OPEC’s new secretary general said that Russia’s membership in OPEC+ is vital for the success of the agreement, Kuwait’s Alrai newspaper reported on Sunday, quoting an exclusive interview with Haitham al-Ghais.
He said OPEC is not in competition with Russia, calling it “a big, main and highly influential player in the world energy map,” Alrai reported.
OPEC+ is an alliance of the Organization of the Petroleum Exporting Countries (OPEC) and allies led by Russia.
Al-Ghais, Kuwait’s former OPEC governor, will head his first OPEC+ meeting on Aug. 3, in which the group will consider keeping oil output unchanged for September, despite calls from the United States for more supply.
Although, a modest output increase is also likely to be discussed, eight sources told Reuters last week.
AL-Ghais told Alrai that “OPEC doesn’t control oil prices, but it practices what is called tuning the markets in terms of supply and demand,” describing the current state of the oil market as “very volatile and turbulent.”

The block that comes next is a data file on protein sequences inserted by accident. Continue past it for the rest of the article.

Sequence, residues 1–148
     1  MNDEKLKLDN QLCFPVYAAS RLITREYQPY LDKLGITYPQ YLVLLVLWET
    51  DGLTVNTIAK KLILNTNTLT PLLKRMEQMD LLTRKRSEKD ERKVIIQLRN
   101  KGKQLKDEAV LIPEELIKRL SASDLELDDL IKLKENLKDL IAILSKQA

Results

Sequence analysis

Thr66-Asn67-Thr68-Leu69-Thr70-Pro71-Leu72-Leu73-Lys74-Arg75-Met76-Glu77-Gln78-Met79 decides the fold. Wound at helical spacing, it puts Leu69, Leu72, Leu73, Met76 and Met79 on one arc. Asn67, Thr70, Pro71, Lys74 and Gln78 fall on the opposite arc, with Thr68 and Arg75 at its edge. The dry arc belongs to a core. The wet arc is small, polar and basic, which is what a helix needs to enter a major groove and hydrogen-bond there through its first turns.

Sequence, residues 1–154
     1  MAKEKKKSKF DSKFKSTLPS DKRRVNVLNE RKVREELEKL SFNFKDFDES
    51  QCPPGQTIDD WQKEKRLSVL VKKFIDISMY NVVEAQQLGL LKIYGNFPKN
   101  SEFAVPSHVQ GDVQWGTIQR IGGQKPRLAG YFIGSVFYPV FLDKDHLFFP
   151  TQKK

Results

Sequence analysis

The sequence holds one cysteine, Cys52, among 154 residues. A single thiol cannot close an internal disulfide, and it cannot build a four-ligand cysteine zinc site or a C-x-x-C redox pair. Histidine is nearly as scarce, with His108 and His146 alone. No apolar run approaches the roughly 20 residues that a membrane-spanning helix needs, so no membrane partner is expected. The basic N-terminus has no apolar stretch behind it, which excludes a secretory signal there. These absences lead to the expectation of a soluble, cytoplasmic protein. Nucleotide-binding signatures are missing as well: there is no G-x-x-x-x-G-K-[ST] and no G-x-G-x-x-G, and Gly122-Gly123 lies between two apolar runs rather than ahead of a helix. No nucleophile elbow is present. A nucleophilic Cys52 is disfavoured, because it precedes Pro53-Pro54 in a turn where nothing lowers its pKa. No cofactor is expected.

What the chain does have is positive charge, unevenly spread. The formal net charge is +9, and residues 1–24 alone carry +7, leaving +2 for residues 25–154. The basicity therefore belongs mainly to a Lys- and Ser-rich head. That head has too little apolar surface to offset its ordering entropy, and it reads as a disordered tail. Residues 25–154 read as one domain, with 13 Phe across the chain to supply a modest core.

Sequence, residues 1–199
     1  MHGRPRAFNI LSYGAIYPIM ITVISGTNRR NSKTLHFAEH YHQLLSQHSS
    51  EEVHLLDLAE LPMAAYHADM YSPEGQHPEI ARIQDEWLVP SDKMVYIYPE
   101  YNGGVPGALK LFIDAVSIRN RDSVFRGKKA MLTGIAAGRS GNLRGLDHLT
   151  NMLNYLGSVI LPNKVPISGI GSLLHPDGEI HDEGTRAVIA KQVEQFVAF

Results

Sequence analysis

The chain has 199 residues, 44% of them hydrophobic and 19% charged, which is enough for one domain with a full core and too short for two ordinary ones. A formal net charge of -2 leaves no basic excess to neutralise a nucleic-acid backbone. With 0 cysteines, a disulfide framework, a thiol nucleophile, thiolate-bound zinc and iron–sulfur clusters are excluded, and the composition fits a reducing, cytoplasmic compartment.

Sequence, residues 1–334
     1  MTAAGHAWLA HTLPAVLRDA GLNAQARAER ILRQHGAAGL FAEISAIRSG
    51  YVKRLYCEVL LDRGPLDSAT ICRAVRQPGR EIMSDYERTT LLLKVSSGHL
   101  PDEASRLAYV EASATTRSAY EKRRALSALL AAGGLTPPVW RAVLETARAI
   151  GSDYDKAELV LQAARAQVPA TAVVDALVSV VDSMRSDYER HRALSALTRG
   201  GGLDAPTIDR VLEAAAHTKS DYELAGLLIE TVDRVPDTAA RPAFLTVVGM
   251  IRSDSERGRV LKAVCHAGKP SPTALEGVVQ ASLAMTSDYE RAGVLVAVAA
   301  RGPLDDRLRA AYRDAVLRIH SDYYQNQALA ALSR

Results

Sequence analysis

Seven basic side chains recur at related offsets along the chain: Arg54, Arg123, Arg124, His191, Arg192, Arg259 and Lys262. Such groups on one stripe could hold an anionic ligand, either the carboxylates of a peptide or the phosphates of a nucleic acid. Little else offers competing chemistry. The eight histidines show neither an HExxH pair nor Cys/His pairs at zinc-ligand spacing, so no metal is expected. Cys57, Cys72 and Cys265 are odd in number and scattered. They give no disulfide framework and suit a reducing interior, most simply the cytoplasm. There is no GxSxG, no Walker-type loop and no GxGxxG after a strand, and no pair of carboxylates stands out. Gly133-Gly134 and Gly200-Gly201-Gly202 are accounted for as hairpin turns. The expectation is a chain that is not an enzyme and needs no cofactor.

He added of the recent hikes in oil prices: “As for me, I still stress that the recent rise in oil prices is not only related to the developments between Russia and Ukraine.
“All the data confirm that prices began to rise gradually and cumulatively, and before the outbreak of the Russian-Ukrainian developments, due to the prevailing perception in the markets that there is a shortage of spare production capacity, which has become confined to a few and limited countries,” al-Ghais said.
Oil has soared in 2022 to its highest since 2008, climbing above $139 a barrel in March, after the United States and Europe imposed sanctions on Russia over its invasion of Ukraine. Prices have since eased to around $108, as soaring inflation and higher interest rates raise fears of a recession that would erode demand.
Replying to a question about the factors that will affect oil prices by the end of the year, al-Ghais said: “In my view, the most important factor will be the continued lack of investments in the field of drilling, exploration and production.”
“This will push prices in an upward direction, but we cannot determine the level they will reach.” (Reporting by Moataz Mohamed and Nayera Abdallah; editing by Philippa Fletcher and Sandra Maler)